California to require garment industry to pay hourly wages to workers
Sept 28 (Reuters) - California Governor Gavin Newsom signed a bill on Monday that will ensure thousands of workers in the garment industry are paid a minimum wage by the hour instead of a piece-rate compensation.
Newsom signed the Senate Bill 62, also called the Garment Worker Protection Act, and will pave way for garment workers in the state to get a minimum wage of $14 per hour for employers with 26 or more employees.
"California is holding corporations accountable and recognizing the dignity and humanity of our workers, who have helped build the fifth-largest economy in the world," Newsom said in a statement.
"These measures protect marginalized low-wage workers, many of whom are women of color and immigrants, ensuring they are paid what they are due and improving workplace conditions. We are committed to having their backs as we work to build a stronger, more inclusive economy," he added.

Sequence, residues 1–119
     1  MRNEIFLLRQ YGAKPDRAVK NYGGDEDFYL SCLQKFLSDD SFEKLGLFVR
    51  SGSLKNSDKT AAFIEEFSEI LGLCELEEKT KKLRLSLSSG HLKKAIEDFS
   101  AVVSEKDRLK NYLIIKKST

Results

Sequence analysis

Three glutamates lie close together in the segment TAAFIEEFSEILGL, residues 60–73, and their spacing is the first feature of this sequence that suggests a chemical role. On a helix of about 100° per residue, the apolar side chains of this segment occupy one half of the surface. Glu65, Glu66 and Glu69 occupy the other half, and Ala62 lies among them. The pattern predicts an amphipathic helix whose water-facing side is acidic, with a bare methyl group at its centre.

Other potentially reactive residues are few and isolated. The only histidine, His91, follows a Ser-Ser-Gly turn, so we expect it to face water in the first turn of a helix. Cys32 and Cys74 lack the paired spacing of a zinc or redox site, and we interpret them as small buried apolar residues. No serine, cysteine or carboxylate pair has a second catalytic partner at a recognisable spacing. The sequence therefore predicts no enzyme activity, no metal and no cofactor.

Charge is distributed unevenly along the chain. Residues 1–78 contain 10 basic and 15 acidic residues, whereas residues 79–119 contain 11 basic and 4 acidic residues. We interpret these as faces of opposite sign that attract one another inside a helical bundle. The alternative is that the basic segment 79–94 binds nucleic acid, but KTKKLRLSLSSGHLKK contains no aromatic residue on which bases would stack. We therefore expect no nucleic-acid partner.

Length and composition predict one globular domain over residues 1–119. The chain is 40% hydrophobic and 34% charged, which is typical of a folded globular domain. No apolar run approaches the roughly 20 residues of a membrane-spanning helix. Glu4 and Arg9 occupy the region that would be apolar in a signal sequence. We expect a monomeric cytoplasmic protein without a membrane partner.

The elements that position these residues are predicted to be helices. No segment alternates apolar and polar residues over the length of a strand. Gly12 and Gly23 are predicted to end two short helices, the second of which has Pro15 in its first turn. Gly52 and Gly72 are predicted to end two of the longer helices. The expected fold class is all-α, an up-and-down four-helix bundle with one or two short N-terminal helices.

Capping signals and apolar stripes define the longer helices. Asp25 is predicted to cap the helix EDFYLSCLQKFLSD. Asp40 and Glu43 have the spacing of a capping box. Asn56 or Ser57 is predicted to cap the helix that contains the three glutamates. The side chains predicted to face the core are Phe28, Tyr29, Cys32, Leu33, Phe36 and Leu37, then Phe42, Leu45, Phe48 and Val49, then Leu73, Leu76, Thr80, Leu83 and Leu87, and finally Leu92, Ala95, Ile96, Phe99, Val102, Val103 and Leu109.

Industry trade group American Apparel and Footwear Association said earlier the legislation would drive garment manufacturing out of California and lead to the loss of jobs.
Los Angeles has the highest concentration of garment industry workers in the United States with some 2,000 manufacturers employing more than 40,000 workers, according to workers rights organization the Garment Worker Center.
Many small factories often operate without proper registration or enforcement which contributes to exploitation in the industry, it said.
About 85% of garment workers do not earn the minimum wage and are instead paid a piece rate of between 2-6 cents per piece. Most garment workers work 60-70 hour weeks with take home pay of about $300, according to the work rights group.
The organisation welcomed the signing of the bill by Newsom.
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